Hezbollah: a military and political pariah

Hezbollah, considered by some as the largest terrorist organisation operating in the world currently, has perpetrated atrocities around the world over the past four decades, including suicide attacks, hostage taking, political assassinations, airline hijacking and bombings of military and civilian targets, mostly aimed at US and Israeli interests.

Yet despite 40 years worth of terrorist attacks, only Hezbollah’s military wing – the External Security Organisation (ESO) – is currently proscribed in Australia, while its “political” wing is not, despite Hezbollah itself proclaiming the unity of its organisation. The US, Canada, Japan, Israel and the Netherlands designate the entirety of Hezbollah as a terrorist group.

Hezbollah – a proxy of Iran – is currently paid $700 million annually by the Islamic Republic, making it a very powerful international paramilitary force by global standards. It also makes the group’s connection to Iran undeniable and highlights the latter’s influence throughout the Middle East and beyond.

Hezbollah was founded in 1982 in Lebanon’s Bekaa Valley by Iran’s Islamic Revolutionary Guard Corps (IRGC). Interestingly, in the last month alone, the Trump Administration formally designated the IRGC as a “foreign terrorist organisation”. Meaning “Party of God,” Hezbollah was inspired by the radical Shia ideology of Iran’s first Ayatollah, Ruhollah Khomeini.

Taking advantage of Lebanon’s instability during its extensive civil war, Hezbollah has now grown to wield both extensive political power and military power within Lebanon, with its paramilitary strength believed to be greater than that of Lebanon’s Army. Amongst its extensive arsenal are approximately 150,000 rockets and missiles, including several thousand long range, high-precision, heavy rockets supplied by Iran.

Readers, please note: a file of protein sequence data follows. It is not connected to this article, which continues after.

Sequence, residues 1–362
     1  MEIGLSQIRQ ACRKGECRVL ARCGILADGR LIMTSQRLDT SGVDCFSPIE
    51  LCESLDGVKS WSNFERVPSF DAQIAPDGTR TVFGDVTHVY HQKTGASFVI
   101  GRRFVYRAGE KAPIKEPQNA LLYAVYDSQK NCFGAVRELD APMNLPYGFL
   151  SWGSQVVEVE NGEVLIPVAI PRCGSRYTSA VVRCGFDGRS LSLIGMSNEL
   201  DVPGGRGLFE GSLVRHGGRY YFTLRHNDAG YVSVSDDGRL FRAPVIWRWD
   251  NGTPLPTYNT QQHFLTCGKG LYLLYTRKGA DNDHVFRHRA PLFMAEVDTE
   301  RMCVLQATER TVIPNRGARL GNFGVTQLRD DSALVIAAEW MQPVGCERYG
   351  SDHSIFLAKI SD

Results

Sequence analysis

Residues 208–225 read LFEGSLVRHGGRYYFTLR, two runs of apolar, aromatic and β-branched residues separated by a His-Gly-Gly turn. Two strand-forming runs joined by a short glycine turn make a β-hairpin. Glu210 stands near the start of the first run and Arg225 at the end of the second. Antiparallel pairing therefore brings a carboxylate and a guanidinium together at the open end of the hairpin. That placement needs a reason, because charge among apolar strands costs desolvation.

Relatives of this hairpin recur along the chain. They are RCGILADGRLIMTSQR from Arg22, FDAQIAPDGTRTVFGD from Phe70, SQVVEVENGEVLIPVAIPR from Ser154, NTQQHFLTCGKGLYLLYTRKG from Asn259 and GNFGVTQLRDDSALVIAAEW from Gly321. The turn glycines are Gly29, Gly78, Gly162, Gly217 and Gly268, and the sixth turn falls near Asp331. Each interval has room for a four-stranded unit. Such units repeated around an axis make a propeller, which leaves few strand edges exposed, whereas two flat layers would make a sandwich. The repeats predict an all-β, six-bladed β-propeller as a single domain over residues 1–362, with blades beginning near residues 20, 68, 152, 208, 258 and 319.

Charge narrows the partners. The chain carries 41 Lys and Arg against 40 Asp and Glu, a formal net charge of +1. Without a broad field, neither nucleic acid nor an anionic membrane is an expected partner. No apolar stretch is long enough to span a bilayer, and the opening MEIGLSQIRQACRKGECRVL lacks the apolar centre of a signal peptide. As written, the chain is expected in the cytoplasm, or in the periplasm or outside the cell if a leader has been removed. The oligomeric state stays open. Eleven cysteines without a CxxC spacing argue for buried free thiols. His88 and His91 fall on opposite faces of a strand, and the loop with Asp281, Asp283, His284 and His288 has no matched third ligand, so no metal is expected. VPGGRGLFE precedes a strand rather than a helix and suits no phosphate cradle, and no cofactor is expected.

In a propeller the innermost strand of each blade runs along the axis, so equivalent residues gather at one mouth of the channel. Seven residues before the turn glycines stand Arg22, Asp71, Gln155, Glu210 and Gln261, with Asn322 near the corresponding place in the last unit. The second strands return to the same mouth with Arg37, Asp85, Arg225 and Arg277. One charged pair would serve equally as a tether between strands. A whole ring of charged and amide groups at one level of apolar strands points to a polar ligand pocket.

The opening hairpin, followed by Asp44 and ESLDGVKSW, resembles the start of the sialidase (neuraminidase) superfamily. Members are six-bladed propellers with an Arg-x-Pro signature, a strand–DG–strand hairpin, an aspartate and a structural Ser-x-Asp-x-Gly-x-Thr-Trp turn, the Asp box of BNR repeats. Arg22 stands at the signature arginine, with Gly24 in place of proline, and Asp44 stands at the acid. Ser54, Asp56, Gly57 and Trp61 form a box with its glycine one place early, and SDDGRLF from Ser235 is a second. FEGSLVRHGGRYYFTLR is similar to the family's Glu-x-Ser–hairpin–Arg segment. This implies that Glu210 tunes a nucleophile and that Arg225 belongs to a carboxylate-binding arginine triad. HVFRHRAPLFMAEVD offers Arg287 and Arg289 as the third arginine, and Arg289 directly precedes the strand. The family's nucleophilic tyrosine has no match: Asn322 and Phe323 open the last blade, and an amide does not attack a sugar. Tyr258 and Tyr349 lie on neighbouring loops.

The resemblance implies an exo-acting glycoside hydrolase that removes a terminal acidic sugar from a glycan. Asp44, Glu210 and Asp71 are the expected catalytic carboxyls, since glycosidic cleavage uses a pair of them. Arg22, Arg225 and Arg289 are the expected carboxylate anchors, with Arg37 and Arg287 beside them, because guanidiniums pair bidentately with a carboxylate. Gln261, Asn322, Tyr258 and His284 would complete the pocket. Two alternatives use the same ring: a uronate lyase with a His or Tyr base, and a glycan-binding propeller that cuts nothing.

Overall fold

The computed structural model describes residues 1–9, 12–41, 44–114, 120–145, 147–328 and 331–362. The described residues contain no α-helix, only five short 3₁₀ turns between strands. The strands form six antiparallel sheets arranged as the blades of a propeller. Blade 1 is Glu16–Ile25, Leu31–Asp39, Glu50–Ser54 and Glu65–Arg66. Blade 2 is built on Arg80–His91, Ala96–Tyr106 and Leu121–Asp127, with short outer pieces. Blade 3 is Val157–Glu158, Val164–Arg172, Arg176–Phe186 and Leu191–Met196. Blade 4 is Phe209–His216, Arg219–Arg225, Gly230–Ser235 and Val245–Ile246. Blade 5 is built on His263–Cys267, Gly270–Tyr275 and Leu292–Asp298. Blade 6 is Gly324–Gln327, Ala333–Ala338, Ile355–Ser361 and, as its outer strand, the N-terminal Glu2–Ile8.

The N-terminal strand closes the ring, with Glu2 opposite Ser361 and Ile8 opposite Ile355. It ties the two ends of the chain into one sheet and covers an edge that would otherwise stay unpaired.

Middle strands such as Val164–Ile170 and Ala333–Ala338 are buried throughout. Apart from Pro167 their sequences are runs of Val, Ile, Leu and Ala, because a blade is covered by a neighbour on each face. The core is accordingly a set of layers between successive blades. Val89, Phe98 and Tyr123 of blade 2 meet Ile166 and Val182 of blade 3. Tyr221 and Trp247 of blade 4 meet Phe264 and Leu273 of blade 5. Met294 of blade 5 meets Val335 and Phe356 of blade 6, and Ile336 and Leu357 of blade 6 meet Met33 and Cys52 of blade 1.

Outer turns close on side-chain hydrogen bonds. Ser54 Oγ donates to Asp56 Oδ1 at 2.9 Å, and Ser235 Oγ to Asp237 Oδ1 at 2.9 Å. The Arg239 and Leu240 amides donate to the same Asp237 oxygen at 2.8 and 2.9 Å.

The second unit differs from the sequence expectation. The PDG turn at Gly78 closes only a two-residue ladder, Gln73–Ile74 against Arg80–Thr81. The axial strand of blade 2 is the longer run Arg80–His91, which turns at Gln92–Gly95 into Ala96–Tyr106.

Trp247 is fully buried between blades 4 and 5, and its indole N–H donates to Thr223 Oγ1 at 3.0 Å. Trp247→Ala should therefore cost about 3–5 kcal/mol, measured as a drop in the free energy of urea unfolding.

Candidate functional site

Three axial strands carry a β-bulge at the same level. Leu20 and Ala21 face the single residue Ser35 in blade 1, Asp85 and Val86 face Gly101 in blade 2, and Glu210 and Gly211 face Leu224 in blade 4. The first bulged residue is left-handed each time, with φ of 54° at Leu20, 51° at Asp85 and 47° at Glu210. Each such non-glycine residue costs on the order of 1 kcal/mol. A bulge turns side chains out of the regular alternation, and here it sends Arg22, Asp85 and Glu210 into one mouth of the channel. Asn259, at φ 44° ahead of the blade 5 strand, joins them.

Hezbollah is also currently attempting to gain a foothold in Syria, having deployed approximately 6,000-8,000 troops to fight alongside the IRGC Quds Force in support of Syrian dictator Bashar al-Assad.

According to a report from the Sydney Morning Herald earlier this year, Britain's Home Secretary Sajid Javid announced he would ban Hezbollah's political wing together with the already proscribed military wing which has been banned in the UK for the past decade, adding that he would raise it at the Five Eyes meeting he will chair in Manchester later this year.

"There have long been calls to ban the whole group with the distinction between the two factions derided as smoke and mirrors, Hezbollah themselves have laughed off the suggestion that there is a difference," Javid told the Commons.

According to a report from The Australian, Javid not only moved to have Hezbollah as a whole listed as a proscribed group, but would also see anyone being either a member or supporter face up to 10 years’ imprisonment.

“Hezbollah is continuing in its attempts to destabilise the fragile situation in the Middle East — and we are no longer able to distinguish between their already banned military wing and the political party,” Mr Javid said. “Because of this, I have taken the decision to proscribe the group in its entirety.”

According to the same report, Australian Foreign Minister Marise Payne said she would speak to her UK counterpart Jeremy Hunt about the moves and whether they should be considered in Canberra.

“We have measures in place as you know, particularly in relation to the ESO and threshold around criminal behaviour but I would want to look at that carefully with my colleagues,” Senator Payne told the Nine Network’s Sydney Morning Herald in London, The Australian reported.

In 2012, Hezbollah leader Naim Qassem himself made the lack of distinction between the two purported wings clear: “We don’t have a military wing and a political one; we don’t have Hezbollah on one hand and the resistance party on the other…Every element of Hezbollah, from commanders to members as well as our various capabilities, is in the service of the resistance, and we have nothing but the resistance as a priority.”

According to Australia’s National Security website, Hezbollah attacked a tour bus carrying 42 tourists in Burgas, Bulgaria, killing five Israelis and the Bulgarian bus driver in July 2012. Bulgarian authorities have charged an Australian national in absentia with involvement in this attack.

The time is clearly well overdue for Australia to proclaim the entirety of Hezbollah a terrorist organisation.

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